Homily notes for 4th Sunday of Advent 2006
Each year at Christmas some of my friends write long letters relating how their year has been. Its highs and its lows, its successes and its failures. Christmas for some of us is a time for reconnecting with people that we don't have regular contact with. We need to tell the story of our lives to bring each other up to date so to speak. We do it because the friendship is important to us.
Mary and Elizabeth reconnected at a crucial time in each of their lives. Two impossible pregnancies. Elizabeth, who was presumed barren, rejoices that she will have a child. Mary, whose pregnancy was laden with doubts and fears because of it's unexpected and unusual nature, needs Elizabeth as much as Elizabeth needs her. She stayed about three months. What did they do? Probably Mary helped her cousin in the daily demands of family life helping to prepare for the birth. Prepared meals, washed clothes, carried water from the well. Talked about the things childless, expectant women do talk about. Probably reflected, also, on their shared faith in God who has done such wonderful things for them.
It is all too much for them to keep to themselves. They need to share the wonder of it all. What is a very intimate time for them is about births that would have far reaching consequences not just for them but for Israel and for the world.
Bethlehem, the prophet Micah tells us is small and insignificant. But from it would come something great! It was not a centre of power and influence even though King David had been born there. We idealise the poverty of the birth in a stable. But the poverty was real. They made the journey at the behest of the Emperor who wanted a census. Their powerlessness was real.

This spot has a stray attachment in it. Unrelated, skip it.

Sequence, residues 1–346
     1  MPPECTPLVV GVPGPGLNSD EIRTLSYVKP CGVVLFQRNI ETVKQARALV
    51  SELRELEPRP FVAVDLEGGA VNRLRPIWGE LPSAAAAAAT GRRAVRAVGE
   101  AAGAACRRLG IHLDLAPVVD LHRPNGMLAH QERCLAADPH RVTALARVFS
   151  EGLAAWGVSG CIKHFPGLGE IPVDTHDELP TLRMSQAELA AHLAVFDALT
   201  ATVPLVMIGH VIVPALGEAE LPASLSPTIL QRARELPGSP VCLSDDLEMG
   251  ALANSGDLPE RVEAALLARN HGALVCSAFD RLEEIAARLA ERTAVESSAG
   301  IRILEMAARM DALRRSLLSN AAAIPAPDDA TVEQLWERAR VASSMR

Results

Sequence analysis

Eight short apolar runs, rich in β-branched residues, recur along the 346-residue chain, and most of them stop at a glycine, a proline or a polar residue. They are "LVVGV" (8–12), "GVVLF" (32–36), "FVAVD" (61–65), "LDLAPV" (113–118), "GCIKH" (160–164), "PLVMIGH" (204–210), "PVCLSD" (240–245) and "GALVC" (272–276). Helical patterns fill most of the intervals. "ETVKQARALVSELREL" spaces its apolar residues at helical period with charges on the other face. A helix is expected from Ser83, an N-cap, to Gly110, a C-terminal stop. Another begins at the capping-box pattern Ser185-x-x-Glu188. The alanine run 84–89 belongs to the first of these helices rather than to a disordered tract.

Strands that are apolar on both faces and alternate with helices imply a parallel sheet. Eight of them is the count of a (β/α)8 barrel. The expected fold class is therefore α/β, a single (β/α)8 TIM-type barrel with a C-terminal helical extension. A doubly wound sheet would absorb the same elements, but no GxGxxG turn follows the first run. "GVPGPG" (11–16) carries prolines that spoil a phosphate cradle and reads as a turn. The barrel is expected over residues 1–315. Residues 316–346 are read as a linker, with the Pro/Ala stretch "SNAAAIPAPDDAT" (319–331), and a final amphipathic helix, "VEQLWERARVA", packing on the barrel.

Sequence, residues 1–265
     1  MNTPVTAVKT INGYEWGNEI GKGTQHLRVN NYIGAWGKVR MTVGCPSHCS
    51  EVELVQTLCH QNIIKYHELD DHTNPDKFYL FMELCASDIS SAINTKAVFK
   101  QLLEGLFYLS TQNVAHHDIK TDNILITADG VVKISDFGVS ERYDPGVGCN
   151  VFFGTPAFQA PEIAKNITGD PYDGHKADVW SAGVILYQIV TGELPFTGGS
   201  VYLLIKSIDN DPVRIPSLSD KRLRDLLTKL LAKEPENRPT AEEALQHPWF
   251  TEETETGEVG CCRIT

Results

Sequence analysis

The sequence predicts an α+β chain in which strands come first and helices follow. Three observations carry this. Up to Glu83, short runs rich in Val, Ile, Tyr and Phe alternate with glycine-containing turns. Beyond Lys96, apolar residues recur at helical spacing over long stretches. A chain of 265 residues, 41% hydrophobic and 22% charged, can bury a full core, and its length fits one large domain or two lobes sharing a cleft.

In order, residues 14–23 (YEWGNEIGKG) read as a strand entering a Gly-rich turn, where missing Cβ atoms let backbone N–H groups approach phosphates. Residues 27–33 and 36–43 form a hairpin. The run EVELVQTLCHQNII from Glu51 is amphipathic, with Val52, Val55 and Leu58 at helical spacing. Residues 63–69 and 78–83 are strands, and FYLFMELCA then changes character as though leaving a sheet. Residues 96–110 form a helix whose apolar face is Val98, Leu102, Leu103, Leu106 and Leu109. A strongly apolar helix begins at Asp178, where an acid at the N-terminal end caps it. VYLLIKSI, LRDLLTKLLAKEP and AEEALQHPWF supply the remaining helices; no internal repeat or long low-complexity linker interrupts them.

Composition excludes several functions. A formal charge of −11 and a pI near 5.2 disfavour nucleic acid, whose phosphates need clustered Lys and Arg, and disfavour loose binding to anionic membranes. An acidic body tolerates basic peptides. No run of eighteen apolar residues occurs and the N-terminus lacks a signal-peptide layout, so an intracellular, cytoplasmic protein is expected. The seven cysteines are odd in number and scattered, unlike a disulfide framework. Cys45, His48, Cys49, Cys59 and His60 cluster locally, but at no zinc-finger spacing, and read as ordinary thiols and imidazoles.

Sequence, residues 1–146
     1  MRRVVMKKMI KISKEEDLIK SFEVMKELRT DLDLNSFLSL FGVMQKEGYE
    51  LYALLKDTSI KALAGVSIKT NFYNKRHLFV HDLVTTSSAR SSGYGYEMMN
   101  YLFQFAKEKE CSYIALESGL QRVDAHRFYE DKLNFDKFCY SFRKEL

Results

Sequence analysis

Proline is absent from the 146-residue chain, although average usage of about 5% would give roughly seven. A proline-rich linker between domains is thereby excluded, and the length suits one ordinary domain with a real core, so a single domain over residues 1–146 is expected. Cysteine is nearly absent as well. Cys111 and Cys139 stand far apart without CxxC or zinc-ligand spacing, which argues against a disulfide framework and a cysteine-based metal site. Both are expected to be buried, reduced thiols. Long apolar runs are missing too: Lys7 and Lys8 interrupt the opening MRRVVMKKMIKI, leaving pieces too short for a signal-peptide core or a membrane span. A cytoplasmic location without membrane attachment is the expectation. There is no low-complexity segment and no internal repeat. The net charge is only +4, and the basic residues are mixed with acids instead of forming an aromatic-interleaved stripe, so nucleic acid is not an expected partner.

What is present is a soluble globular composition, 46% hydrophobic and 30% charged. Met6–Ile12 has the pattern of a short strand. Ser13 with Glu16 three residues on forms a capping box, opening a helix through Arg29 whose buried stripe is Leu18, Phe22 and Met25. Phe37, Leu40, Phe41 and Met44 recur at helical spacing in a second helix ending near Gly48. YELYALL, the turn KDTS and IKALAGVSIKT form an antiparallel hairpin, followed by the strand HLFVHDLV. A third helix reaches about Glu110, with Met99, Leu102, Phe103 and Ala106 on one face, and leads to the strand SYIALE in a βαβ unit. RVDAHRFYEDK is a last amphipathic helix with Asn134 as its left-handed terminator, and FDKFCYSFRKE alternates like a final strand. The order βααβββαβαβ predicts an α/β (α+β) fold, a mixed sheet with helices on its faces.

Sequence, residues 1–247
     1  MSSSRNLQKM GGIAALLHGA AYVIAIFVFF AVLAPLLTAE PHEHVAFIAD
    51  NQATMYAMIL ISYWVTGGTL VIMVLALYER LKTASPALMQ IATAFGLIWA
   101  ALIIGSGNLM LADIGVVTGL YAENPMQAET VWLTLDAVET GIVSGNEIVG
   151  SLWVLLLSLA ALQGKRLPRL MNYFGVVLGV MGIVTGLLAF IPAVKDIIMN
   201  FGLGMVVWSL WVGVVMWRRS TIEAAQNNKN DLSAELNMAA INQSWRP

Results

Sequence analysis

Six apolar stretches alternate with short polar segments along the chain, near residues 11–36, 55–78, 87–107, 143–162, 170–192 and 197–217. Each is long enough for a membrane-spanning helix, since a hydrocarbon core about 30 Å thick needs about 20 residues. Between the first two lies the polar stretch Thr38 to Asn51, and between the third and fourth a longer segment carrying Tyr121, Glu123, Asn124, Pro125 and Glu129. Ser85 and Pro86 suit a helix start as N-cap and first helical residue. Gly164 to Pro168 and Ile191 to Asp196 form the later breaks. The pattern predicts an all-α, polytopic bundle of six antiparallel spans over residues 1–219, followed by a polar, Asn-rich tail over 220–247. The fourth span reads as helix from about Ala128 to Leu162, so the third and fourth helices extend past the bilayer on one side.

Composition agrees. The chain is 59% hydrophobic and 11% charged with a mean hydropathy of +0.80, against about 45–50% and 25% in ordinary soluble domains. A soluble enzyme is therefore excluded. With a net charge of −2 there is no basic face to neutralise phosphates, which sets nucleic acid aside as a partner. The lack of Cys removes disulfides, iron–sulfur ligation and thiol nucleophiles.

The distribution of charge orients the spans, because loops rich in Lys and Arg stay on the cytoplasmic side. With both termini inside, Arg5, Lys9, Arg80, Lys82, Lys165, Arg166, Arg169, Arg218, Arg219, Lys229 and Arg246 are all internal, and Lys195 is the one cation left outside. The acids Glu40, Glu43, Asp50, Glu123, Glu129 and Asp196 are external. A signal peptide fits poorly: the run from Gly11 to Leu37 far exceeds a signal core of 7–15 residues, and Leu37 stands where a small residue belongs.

Mary's response to it all is the Magnificat, "My soul glorifies the Lord". It is a shame that the reading today does not continue with that song. It is a song of a small powerless people whose faith is in God who hears the cry of the poor and powerless.
Her song is a prophecy of what her God has already done for Israel. And what God will do through her own child yet to be born.
The German theologian Dietrich Bonhoeffer wrote, before he was killed by the Nazis,
"The song of Mary is the oldest Advent hymn. It is at once the most passionate, the wildest, one might even say the most revolutionary Advent hymn ever sung. This is not the gentle, tender, dreamy Mary whom we sometimes see in paintings.... his song has none of the sweet, nostalgic, or even playful tones of some of our Christmas carols. It is instead a hard, strong, inexorable song about collapsing thrones and humbled lords of this world, about the power of God and the powerlessness of humankind. These are the tones of the women prophets of the Old Testament that now come to life in Mary's mouth."
(DB Werke, Vol 9, London, 1833-1935)
It is such a strong song that in the 1980s the Guatemalan dictator banned its public recitation fearing it would encourage the revolutionaries.
Her prayer is an exultant song of joy in God's continuing love in the future through her Son.
Emmanuel Cardinal Suhard (1874-1949 )who was Archbishop of Paris at one time said about being a witness:
"To be a witness does not consist of engaging in propaganda, nor even in stirring people up, but in being a living mystery. It means to live in such a way that one's life would not make sense if God did not exist."
Mary as she awaits the birth of Jesus is not a revolutionary or a propagandist, nor was she stirring people up. She is living that mystery the truth of which does change people and nations. May this last Sunday of Advent be a time for learning how to embrace and embody the mystery of God, revealed to us through the obedience of a young girl so many years ago.Fr Graham